Poverty is a global issue, and it’s at the center of development issues in Uganda. Yet, a conservation economy can help both the local communities and protect national parks.
Social Benefits of Gorilla Trekking
Gorilla trekking also allows people to explore new people and places. Gorilla Trekking is the main attraction for people to visit places like the DRC and Uganda. I would’ve never thought about visiting the DRC if it weren’t for gorillas. I heard all these horror stories about the DRC and how I should not visit because it is too dangerous. Luckily, I did not have any safety concerns while there and instead was welcomed by one of the most helpful people I’ve met in my five years of travel. I’m referring to John-Paul, who I met via Couchsurfing. He works as a DRC tour guide and is the best! If anyone plans to visit DRC, you must contact John-Paul because he is the warmest individual and will make sure you are cared for. He will find you the best prices for transportation and hotel. For me, traveling is all about the new connections I make with people, and I am happy the gorillas encouraged me to visit a new country so that I can meet someone like John-Paul and get to know his story as a Congolese man.
I recently ran a group trip to Uganda in the middle of the pandemic. There are many reasons why I decided to make this trip.
1) Partnering with Buutu Safaris, a company I am glad to support – Local companies are crucial in fighting poverty in Uganda as they create employment opportunities for the locals. Foreign companies continue to sustain the colonial extractive economy by taking the much-needed profit out of the country. This has led to poverty and its perpetuation in Uganda. Local companies, like Buutu Safari, are wholly invested in the growth and development as they create avenues for Ugandans to earn and rise out of poverty.
Why partner with local tourism companies, like Buutu Safari?
They reinvestment profits in Uganda.
Offer real long-term sustainable means of fighting poverty.
Help development as they earn and retain much-needed foreign exchange.
Have an unparalleled understanding of Uganda and share the complete picture as you learn about Uganda’s wildlife, culture, and history from a local perspective. Uganda cannot be experienced through just a wildlife prism but from a holistic view that appreciates the intricate relationship between the people, the wildlife, and Africa’s lands.
Encourage locally-led conservation solutions and create opportunities for Ugandans to take full responsibility for conservation. There has been a disconnect between biodiversity and Ugandans. However, the benefits from tourism arising incentivize locals to conserve biodiversity.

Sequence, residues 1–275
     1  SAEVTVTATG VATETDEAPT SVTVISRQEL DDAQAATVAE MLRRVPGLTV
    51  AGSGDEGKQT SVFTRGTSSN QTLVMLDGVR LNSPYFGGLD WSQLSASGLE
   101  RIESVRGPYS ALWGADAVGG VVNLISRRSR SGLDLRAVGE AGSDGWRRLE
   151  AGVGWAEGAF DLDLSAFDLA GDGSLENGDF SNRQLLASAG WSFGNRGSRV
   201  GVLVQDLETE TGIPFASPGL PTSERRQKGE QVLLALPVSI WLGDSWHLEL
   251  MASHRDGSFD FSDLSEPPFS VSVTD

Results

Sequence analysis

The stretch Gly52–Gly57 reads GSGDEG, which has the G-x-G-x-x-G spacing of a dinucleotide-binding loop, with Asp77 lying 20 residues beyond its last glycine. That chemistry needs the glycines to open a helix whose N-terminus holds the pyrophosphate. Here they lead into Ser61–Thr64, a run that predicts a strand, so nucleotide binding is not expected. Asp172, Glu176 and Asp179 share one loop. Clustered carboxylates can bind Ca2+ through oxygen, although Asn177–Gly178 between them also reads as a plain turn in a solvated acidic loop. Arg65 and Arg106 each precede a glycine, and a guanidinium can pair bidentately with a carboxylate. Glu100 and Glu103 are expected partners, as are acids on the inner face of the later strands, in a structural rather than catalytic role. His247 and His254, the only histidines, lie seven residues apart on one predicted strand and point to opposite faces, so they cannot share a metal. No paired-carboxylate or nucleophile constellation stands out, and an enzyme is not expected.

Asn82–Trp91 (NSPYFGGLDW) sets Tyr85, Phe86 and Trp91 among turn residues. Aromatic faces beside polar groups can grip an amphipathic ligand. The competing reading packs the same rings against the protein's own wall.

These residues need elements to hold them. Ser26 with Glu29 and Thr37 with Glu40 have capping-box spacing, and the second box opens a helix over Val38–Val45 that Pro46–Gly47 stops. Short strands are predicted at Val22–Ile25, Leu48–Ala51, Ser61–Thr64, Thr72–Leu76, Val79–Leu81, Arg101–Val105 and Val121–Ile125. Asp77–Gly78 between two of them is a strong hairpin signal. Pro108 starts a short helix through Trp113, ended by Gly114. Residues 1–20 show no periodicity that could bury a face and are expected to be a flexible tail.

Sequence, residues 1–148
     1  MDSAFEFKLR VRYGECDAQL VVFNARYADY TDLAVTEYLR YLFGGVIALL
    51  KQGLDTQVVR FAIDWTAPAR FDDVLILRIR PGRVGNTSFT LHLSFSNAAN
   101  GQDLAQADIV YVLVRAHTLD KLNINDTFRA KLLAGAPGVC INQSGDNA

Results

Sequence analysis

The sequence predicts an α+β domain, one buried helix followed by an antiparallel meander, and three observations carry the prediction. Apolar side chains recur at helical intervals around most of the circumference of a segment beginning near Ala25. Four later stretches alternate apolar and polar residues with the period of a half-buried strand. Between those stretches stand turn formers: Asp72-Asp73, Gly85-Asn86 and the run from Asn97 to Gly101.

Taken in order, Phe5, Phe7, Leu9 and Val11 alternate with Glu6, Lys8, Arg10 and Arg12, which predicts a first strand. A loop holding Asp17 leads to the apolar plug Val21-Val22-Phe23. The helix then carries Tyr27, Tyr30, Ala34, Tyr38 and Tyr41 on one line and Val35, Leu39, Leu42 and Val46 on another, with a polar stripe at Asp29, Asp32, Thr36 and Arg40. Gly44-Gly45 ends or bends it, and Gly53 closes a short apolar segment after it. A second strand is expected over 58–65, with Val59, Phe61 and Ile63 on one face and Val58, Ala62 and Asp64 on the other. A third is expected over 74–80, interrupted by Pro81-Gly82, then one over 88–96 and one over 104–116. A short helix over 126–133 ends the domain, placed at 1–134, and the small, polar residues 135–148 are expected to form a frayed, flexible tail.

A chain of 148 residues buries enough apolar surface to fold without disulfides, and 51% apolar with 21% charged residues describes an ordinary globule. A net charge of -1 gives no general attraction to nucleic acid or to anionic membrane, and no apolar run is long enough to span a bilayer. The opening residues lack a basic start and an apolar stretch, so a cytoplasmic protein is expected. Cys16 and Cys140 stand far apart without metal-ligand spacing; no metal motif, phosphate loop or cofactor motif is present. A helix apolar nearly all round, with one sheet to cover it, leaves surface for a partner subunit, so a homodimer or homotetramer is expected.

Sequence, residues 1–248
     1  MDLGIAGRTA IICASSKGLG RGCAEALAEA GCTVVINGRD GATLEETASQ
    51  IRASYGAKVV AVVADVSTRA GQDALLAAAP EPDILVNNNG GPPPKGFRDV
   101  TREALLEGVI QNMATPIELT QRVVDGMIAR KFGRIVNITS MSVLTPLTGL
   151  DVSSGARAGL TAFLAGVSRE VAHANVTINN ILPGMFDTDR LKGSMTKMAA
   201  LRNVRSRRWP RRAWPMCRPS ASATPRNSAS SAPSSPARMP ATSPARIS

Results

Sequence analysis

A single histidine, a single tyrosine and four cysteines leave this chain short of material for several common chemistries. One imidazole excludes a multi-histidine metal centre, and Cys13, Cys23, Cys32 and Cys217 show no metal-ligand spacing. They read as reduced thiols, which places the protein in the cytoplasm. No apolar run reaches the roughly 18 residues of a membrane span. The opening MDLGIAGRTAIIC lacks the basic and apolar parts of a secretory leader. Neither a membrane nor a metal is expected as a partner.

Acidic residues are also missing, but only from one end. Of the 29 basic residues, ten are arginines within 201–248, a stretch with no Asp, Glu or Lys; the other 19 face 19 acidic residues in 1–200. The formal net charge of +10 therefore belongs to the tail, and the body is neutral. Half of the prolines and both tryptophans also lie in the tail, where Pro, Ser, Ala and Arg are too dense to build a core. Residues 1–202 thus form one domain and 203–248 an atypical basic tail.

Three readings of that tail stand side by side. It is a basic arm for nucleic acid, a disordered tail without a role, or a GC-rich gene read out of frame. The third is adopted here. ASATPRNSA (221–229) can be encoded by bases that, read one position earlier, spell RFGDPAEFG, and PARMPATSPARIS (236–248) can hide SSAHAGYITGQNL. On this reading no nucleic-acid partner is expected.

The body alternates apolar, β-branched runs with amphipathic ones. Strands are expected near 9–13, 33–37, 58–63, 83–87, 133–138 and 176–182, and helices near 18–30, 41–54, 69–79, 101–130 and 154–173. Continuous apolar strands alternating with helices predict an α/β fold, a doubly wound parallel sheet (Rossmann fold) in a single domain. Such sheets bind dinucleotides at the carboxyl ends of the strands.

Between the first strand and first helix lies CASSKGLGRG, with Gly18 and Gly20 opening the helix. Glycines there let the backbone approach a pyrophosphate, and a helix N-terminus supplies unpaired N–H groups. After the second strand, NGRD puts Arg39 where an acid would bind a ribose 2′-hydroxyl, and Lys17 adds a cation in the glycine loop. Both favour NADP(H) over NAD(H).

Buutu believes that the future of Uganda lay in creating companies to create employment for fellow citizens. Tourism provides a valuable starting point for Ugandans because inclusive conservation-based tourism gives the best foundation for building sustainable green economies of the future.
2) The Effects of COVID – COVID not only affects the health and economies of the human populations but has also impacted the conservation efforts of gorillas. With the loss of tourism revenue, anti-poaching activities have been diminishing, and more snares have been found harming gorillas. COVID has shown how vital tourism dollars can be.
My group was very well received since tourism has been down the past year. Our group size was 12 individuals, and we all left great tips for the rangers and porters and spent money in town at the bars and gift shops. Local people were so happy that we were there spending money that they hosted a party. I’m not joking! The whole village started playing music, drinking and dancing all night because of the money earned from my group. It was great to see their celebrations, but I also felt bad that they hadn’t had many foreign visitors last year.
COVID cases have been low in Uganda, yet it diminished tourism. I am ecstatic my group was a positive impact.
Recommended Tour Agencies
If you want to book a gorilla tour, I recommend reaching out to these two companies:
For Uganda: Buutu Safaris – This Ugandan family-owned tour company creates gorilla trekking tours in Uganda and Rwanda. This company is trustworthy and values creating job opportunities to support local communities.
WANT TO JOIN THE NEXT “FOLLOW THE FRO” GROUP TRIP?
I plan on running an additional group trip to Uganda in September 2022. If you are interested in signing up, please click here to fill out the interest form. Joining me on a tour you’ll engage in sustainable ecotourism, meet some like-minded people, and be taken care of by the best local tour guides.
Kesi Irvin is the travel blogger behind Kesi To and Fro. She graduated from the Wharton School of The University of Pennsylvania. In 2015 she left her finance job in NYC with the plan to travel around the world for one year. However, her one-year around the world journey turned into a fully nomadic lifestyle. She now uses her blog to teach other adventurous souls how to sustain long-term travel and share ways to meet local people and have authentic cultural travel experiences abroad. Connect with her on Instagram, or Twitter, Facebook